Commission finds $2 million/year net benefit from monopoly control
The Commerce Commission recommended by a 3-2 majority that Auckland International Airport Ltd’s airport activities be controlled, while those in Wellington & Christchurch shouldn’t be controlled.
A key issue was the valuation method — the majority opted for historical cost, the minority for the method supported by the airport company, optimised depreciated replacement cost (ODRC).
The commission valued airfield land on an alternative-use base, which the airport company said effectively represented a business exit value. The company said the appropriate value would be what a new entrant would pay.
The commission excluded the land Auckland International Airport holds for future runway development. The company said the timing of its purchase of land for its second runway development was appropriate, so it should be included in the asset base for valuation & pricing.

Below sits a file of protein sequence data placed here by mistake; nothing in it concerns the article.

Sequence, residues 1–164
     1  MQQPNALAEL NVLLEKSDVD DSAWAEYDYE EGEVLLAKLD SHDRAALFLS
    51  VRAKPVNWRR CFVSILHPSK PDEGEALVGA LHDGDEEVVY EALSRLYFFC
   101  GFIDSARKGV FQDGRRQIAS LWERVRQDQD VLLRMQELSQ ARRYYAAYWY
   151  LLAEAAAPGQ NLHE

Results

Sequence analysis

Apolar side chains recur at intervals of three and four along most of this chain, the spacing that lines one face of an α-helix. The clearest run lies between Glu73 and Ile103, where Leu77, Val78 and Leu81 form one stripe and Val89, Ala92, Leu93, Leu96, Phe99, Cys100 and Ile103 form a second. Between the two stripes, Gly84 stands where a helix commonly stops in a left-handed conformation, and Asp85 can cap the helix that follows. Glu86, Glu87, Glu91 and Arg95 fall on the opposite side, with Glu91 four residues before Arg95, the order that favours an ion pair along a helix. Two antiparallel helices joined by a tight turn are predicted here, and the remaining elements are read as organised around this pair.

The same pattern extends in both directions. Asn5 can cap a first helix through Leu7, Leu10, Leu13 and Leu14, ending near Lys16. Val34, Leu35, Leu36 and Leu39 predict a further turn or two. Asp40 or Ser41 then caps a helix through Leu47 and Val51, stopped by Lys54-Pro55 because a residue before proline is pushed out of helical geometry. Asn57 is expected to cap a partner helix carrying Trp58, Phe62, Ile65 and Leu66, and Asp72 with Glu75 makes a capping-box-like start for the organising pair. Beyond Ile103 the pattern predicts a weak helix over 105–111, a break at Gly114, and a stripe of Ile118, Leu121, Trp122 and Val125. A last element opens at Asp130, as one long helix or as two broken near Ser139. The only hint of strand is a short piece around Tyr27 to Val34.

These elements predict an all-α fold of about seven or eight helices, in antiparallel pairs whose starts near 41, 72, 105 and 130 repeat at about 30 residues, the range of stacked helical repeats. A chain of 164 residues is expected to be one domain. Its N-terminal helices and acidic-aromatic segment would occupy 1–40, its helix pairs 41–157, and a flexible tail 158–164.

The commission found a potential $2 million/year pretax net benefit of monopoly control, representing 35% of airfield revenue. The company disputed this evaluation.
Auckland International Airport Ltd said the commission’s historical cost approach to the valuation of specialised assets could have significant consequences on other New Zealand infrastructure companies and the regulatory framework in which those sectors operate.
The commission’s report runs to 600 pages, which I haven’t read. I suspect the commission’s majority has opted for historical cost valuation because other infrastructure businesses, notably the electricity industry, set about fleecing their customers (in favour of new large shareholders who have proved to be short-term investors trying to skip off with windfall profits) as they jacked up asset valuations under optimised deprival valuation methodology.